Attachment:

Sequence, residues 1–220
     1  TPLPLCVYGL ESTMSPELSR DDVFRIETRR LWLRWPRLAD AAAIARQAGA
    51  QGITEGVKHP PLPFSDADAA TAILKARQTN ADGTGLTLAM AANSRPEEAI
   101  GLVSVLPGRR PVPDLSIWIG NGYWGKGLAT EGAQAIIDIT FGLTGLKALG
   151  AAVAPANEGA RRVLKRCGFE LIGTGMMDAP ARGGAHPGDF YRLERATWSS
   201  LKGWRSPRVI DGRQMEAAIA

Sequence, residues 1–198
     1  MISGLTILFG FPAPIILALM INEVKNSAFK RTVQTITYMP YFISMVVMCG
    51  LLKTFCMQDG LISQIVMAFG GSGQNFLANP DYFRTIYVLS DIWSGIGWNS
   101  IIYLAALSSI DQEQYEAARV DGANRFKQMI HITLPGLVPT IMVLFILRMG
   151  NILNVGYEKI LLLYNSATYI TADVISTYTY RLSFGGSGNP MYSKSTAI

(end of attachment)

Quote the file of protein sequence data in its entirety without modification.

Sequence, residues 1–220
     1  TPLPLCVYGL ESTMSPELSR DDVFRIETRR LWLRWPRLAD AAAIARQAGA
    51  QGITEGVKHP PLPFSDADAA TAILKARQTN ADGTGLTLAM AANSRPEEAI
   101  GLVSVLPGRR PVPDLSIWIG NGYWGKGLAT EGAQAIIDIT FGLTGLKALG
   151  AAVAPANEGA RRVLKRCGFE LIGTGMMDAP ARGGAHPGDF YRLERATWSS
   201  LKGWRSPRVI DGRQMEAAIA

Sequence, residues 1–198
     1  MISGLTILFG FPAPIILALM INEVKNSAFK RTVQTITYMP YFISMVVMCG
    51  LLKTFCMQDG LISQIVMAFG GSGQNFLANP DYFRTIYVLS DIWSGIGWNS
   101  IIYLAALSSI DQEQYEAARV DGANRFKQMI HITLPGLVPT IMVLFILRMG
   151  NILNVGYEKI LLLYNSATYI TADVISTYTY RLSFGGSGNP MYSKSTAI